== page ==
Boulder Valley School District

Unique program encourages students to walk, ride or carpool to school

Randy Barber

BOULDER - Did you know that students have the opportunity to earn credits towards everything from miniature golf to sports gear to ice cream for simply walking or riding their bike to school?  Boulder Valley School District’s Trip Tracker program aims to encourage students and families to use alternatives to single family car transportation to BVSD schools.

“We reward kids for anything other than being driven to the front door of the school,” explained Peter Hurst, the director of the Trip Tracker program. “If they bike, bus or carpool -- and even if the parents have to drive, but they park a few blocks away and walk them in, they get rewarded for a green trip.”

Annually, about 4,000 students from 21 schools participate in the program. Last year they earned about $120,000 Trip Tracker dollars, which can be used at about 60 businesses in Boulder Valley.

“It is a real mix,” Hurst said. “I really love it when businesses join where kids can actually buy something that they can use, like going in an buying a hockey stick or a lacrosse stick or a skateboard.”

“We leave the decision up to [the kids and their families],” Hurst added. “ Ice cream and Gateway are very popular.”

In fact, according to Hurst, the most frequented stores are Glacier Ice Cream, Gateway Fun Center, Play It Again Sports and Alfalfa’s. A full list is available on the Trip Tracker website.

“A lot of [the businesses] tell me how delighted they are to have kids come in with their dollars and how excited they are to have the kids come in and how excited the kids are that they earned them,” Hurst said.

Students earn one Trip Tracker dollar for every 5 ‘green trips’ they make to school and they receive an additional dollar for every 12 miles they report in active transportation like walking or biking.

“The average kiddo earns 8 dollars a month,” Hurst said.

The Trip Tracker dollars can be used at participating stores as cash. The stores are reimbursed 50 cents on the dollar, using fundraised dollars.

It is important to note that many of the stores have a limit on how many Trip Tracker dollars can be used in one visit, with the notable exception of Alfalfa's.

“Alfalfa’s has been great. There is no limit to how many dollars they’ll accept from a family, so you can go in and fill your grocery basket,” Hurst said. “They’ve been doing that for a number of years. It is a big commitment.”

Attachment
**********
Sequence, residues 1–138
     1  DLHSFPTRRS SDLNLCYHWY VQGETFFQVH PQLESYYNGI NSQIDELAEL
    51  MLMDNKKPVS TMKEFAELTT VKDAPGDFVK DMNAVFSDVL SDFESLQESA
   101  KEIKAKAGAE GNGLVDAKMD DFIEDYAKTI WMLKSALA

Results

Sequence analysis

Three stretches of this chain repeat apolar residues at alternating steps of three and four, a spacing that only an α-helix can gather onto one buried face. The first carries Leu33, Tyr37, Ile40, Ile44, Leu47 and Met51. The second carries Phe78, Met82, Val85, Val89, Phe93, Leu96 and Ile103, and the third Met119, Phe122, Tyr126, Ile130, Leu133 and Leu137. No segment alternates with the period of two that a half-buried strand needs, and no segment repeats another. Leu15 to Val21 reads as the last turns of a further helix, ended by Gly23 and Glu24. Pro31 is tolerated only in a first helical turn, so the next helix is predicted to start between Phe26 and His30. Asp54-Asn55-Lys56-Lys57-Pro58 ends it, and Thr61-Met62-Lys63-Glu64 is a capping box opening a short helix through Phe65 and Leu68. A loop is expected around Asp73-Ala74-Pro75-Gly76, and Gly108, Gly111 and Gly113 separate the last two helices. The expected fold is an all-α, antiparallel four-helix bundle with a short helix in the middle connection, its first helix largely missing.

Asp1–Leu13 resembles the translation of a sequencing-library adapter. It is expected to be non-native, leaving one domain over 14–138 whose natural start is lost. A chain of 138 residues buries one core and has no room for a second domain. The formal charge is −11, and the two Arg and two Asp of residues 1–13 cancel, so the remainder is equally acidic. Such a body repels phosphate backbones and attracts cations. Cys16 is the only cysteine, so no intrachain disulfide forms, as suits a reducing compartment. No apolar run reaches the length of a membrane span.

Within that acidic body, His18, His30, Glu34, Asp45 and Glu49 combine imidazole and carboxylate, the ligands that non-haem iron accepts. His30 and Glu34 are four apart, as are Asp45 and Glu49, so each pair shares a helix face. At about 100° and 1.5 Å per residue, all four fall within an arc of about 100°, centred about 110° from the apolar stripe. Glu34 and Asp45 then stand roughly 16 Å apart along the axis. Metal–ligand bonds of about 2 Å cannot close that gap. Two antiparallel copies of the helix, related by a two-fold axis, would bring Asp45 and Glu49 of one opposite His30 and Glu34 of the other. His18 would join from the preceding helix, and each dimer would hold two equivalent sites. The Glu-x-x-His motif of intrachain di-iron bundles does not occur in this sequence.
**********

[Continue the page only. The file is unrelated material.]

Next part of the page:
Additionally, families may choose to donate the Trip Tracker dollars to a local non-profit.

“It cultivates the philanthropic impulse in kids,” Hurst said. “There are some parents that only participate because I allow that option.”

Hurst believes the Trip Tracker program is one-of-a-kind. While many school districts offer short-term incentives, few are long term, offer their own currencies or allow non profits to benefit from the efforts.

“Frankly, I don’t think there is a program like it in the country. I’ve never run into anything like it and I have presented at national conferences,” Hurst said.

The effort started about eight years ago, while Hurst was working on a grant aimed at increasing RTD ridership and carpooling. He got the idea while watching parents drop off students at a school near his home.

“Just seeing all of those distracted drivers on their phones, waiting to pick up their kids and their kids running between cars -- it is a nightmare,” Hurst said.

He thought that providing a rewards system could improve safety, not to mention other benefits.

“There are other great reasons, including physical fitness. Having kids be active and the fact that there is research that shows that even 10 minutes of walking to school gets kids ready for the day better than being dropped off at the front door,” Hurst said. “I would just encourage parents. Even if they park and walk from a few blocks away, it is really helpful and it is a great time to spend with their kids.”

Moving forward, Hurst would like to see the program expand to more schools, especially those outside of the City of Boulder. If you are interested in learning more or getting your school involved, go to the Trip Tracker page at


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